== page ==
If you have nothing but time on your hands and want to see this because everyone else says you should, go ahead. But if you value your time and want to see a film that is both a classic and entertaing, I would suggest the Seven Ups with Roy Scheider. This may be actually be the best car chase in any movie, and although modern movies can film a bit better, I would argue it gives any modern film a run for its money in that department. Also, the film isn't dated, and the plot doesn't put you to sleep. Another suggestion would be Serpico, although also slightly dated to the younger viewers, it still manages to keep its edge, and even during its length and slowtimes, you remain engaged.

    Why this film is so popular is beyond me. I think it is a combination of Gene Hackman's acting and a cool sounding name for a film, and then everyone jumping on the bandwagon about this being a classic.

    Go ahead and ignore my review and buy it anyway, but anyone who likes a decent paced film with an engaging plot will wish they listened.

    ...more info
  • One of the greatest crime dramas ever!
    This review is for the single DVD widescreen version released by 20th Century Fox in 2004.

    Based on a true story, Gene Hackman stars as New York narcotics detective "Popeye" Doyle who stumbles into a major heroin smuggling operation. Hackman does a great job portraying a less than perfect policeman in a less than glamorous part of New York.

    The movie has an authentic look to it and the story holds your interest from start to finish. The car chase is a classic and the ending takes a disturbing turn. The film won five Academy Awards including Best Picture in 1971. The DVD transfer is flawless and razor sharp. The commentaries by Hackman and Scheider and a separate one by director William Friedkin are nice DVD bonuses. An absolutely essential DVD for any crime drama fan's collection!


    Movie: A

    DVD Quality: A+
    ...more info
  • Still love that car chase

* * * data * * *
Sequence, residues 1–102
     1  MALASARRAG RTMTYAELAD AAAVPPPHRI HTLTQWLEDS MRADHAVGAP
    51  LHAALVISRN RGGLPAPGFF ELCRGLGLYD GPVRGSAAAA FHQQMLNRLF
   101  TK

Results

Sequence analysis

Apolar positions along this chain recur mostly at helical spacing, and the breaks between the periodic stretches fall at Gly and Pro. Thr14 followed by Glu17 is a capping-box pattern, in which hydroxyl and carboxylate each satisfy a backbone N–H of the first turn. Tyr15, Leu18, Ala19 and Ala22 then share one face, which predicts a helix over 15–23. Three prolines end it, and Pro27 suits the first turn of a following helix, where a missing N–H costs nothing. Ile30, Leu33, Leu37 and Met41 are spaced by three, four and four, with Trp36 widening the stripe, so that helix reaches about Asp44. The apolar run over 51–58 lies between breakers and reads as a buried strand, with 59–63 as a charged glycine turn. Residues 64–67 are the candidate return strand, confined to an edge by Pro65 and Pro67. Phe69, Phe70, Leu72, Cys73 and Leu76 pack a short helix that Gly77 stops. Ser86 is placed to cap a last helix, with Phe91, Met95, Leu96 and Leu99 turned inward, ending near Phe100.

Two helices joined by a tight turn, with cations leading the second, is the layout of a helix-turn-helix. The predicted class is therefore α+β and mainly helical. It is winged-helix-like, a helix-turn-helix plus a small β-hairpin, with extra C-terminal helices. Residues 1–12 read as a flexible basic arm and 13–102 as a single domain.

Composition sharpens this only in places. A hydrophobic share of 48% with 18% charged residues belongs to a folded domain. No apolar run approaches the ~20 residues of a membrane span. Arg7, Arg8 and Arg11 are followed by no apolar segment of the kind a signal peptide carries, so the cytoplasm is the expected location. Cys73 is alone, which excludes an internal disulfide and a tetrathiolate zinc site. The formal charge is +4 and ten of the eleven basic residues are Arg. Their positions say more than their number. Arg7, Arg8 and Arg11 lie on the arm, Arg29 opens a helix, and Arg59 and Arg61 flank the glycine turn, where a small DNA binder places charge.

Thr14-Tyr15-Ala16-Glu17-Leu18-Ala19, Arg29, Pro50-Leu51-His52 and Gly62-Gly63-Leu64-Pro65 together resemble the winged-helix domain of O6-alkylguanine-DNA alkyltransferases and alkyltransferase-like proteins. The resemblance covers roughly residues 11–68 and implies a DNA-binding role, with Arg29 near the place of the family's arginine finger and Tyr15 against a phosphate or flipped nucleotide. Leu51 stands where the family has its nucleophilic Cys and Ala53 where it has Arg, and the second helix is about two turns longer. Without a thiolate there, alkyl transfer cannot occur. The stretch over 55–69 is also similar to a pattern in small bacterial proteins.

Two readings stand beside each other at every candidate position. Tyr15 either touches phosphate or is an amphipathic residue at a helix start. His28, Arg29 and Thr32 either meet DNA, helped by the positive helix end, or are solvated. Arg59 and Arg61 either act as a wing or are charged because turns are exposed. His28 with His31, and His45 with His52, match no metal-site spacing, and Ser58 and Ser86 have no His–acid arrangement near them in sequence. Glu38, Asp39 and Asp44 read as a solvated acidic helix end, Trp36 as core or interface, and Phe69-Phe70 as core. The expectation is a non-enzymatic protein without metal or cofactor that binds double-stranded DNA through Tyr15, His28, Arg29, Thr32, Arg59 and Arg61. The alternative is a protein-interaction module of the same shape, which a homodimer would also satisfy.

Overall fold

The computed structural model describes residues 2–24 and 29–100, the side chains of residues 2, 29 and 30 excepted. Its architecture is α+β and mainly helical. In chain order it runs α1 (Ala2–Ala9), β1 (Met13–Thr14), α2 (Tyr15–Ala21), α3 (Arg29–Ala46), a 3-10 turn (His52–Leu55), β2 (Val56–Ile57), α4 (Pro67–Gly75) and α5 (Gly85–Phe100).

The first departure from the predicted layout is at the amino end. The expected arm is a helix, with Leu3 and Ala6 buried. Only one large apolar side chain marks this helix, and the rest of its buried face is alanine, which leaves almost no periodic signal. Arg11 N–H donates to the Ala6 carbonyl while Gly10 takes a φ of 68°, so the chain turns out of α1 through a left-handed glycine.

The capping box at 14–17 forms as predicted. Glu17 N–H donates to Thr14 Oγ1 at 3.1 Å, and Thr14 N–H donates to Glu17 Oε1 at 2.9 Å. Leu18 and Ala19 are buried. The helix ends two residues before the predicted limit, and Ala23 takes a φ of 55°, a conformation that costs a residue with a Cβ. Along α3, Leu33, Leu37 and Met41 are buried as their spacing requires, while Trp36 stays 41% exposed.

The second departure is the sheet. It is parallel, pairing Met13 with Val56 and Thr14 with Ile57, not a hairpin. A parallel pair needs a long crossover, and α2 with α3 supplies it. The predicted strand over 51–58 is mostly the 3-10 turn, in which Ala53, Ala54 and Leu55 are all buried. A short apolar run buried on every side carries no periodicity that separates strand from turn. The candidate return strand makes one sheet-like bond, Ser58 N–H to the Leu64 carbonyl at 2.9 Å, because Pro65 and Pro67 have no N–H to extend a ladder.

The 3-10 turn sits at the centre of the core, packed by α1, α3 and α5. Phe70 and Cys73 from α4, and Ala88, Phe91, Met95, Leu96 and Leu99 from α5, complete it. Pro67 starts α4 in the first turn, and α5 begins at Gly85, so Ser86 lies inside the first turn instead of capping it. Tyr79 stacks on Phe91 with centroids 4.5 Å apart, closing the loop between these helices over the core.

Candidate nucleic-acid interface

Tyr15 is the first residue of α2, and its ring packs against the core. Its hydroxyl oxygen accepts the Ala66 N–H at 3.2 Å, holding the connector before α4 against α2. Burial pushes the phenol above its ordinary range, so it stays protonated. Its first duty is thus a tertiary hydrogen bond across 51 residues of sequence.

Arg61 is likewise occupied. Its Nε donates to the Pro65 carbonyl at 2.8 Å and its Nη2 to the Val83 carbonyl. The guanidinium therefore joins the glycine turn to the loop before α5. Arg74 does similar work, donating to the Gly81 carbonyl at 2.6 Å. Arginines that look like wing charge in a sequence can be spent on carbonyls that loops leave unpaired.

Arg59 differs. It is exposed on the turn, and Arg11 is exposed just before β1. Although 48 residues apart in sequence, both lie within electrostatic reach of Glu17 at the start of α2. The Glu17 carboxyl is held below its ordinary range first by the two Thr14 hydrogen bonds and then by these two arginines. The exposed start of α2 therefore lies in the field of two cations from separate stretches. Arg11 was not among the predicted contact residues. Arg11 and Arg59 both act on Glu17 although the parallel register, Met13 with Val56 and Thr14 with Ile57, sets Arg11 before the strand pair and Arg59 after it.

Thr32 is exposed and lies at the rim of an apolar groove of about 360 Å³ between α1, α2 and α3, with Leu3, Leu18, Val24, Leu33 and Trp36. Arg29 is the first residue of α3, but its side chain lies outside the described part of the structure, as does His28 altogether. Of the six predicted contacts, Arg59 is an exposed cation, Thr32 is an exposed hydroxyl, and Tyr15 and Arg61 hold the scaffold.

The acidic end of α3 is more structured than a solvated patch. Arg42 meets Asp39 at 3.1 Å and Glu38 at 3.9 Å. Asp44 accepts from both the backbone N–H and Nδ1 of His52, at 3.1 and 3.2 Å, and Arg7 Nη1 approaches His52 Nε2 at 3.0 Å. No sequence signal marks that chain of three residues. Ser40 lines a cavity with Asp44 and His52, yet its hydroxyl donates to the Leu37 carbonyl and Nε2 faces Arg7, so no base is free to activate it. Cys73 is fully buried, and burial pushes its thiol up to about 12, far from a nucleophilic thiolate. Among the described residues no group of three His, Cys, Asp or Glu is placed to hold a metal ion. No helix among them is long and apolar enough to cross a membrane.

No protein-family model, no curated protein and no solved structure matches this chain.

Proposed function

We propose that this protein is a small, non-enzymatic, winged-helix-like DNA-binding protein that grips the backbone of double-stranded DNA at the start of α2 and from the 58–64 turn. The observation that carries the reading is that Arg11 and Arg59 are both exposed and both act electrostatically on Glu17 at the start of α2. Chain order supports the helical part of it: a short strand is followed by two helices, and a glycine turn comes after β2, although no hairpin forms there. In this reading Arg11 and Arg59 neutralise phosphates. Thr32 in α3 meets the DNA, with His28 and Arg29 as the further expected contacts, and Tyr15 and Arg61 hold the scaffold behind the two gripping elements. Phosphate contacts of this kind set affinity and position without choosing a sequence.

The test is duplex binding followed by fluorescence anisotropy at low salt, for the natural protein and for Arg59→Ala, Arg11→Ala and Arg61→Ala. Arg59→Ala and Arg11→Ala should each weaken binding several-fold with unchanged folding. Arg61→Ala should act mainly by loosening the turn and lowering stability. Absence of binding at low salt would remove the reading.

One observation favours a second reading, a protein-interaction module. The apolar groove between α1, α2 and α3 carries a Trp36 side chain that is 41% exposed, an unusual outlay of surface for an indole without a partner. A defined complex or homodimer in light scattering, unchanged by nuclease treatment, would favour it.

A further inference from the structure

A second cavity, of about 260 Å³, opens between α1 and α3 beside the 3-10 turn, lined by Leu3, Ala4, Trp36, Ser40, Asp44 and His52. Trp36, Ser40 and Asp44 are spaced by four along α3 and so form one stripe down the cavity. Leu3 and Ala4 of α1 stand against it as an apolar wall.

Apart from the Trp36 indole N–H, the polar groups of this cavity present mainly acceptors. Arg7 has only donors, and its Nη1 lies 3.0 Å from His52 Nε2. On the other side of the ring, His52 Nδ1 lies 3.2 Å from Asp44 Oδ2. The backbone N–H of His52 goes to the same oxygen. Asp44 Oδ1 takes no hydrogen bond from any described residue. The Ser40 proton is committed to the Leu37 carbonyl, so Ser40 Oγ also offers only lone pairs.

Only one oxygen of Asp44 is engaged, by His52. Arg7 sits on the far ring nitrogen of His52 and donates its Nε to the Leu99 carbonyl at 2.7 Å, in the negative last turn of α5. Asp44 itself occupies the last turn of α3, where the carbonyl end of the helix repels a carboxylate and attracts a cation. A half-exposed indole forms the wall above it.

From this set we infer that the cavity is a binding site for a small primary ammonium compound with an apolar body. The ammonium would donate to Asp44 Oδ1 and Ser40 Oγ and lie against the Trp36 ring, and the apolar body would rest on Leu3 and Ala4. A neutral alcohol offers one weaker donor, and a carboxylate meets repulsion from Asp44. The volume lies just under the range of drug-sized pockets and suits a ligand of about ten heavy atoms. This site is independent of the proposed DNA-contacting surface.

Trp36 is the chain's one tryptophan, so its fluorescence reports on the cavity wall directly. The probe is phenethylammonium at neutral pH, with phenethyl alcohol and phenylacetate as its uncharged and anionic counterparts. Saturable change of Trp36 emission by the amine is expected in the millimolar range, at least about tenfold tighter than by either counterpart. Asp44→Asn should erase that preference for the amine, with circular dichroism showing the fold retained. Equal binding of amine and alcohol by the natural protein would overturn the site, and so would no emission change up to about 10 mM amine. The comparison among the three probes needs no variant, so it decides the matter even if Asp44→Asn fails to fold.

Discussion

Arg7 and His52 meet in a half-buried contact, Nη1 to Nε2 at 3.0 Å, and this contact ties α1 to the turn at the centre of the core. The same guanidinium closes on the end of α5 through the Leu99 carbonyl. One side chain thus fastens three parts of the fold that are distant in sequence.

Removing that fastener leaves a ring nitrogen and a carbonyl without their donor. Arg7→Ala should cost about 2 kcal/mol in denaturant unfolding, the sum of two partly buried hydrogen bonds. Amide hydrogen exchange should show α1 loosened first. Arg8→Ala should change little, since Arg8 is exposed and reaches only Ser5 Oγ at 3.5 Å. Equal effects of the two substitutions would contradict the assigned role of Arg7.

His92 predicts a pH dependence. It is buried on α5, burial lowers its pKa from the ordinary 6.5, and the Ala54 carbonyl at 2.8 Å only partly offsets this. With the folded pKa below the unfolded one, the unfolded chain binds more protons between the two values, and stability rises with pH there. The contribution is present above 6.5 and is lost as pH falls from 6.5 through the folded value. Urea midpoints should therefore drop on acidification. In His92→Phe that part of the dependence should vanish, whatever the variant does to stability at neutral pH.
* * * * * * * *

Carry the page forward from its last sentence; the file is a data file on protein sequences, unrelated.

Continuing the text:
It's getting a tad frayed around the edges, but "The French Connection" has stood up remarkably well over thirty years, thanks largely to a great cast, a great director (William Friedkin) and a crackerjack plot - not to mention the mother of all car chases. Only Gene Hackman could have played Popeye Doyle, a straight-up jerk whose bull-in-the-china-closet operating method rolls over everything in his way, including his own colleagues. Playing his partner admirably well is Roy Scheider as Buddy Russo, whose patience at Doyle's antics sometimes wears as thin as the soles on his shoes. The two of them are narcs, and they are out to intercept the arrival and distribution of a monster shipment of heroin from Marseilles by a drug kingpin named Alan Charnier. The movie zips along as Doyle and Charnier attempt to outwit each other; one of the best sequences in the film is Doyle following Charnier along the streets of midtown Manhattan into the subway (native New Yorkers have fun identifying the path they take) and losing him on the train. Doyle in his own way is as repulsive as the drug dealers he's up against; he's a racist, selfish, insensitive, uncaring about anybody but himself. But his single-minded mania serves him well in this chase; he'll bring down his prey one way or another. The classic scene in this movie is, of course, the car chase under the elevated subway that practically defined the term "car chase"; it's mind-boggling to try to imagine how Friedkin managed to shoot this sequence. The supporting actors in the movie are excellent; I especially liked Tony LoBianco as the middleman Sal Boca, Arlene Farber as his wife Angie, Benny Marino as his brother Lou (does the family that deals together stay together?), Patrick McDermott as the cool-as-ice chemist testing the purity of Charnier's stock and stamping it with his seal of approval; and above all, the sinister performance given by Marcel Bozzuffi as Pierre Nicoli, Charnier's hitman, who will shoot anyone in cold blood without batting an eyelash. The cinematography has a kind of grainy quality that enhances the gritty story being played out. Even though it seems a bit dated, "The French Connection" still stands out as one of the high points of American film....more info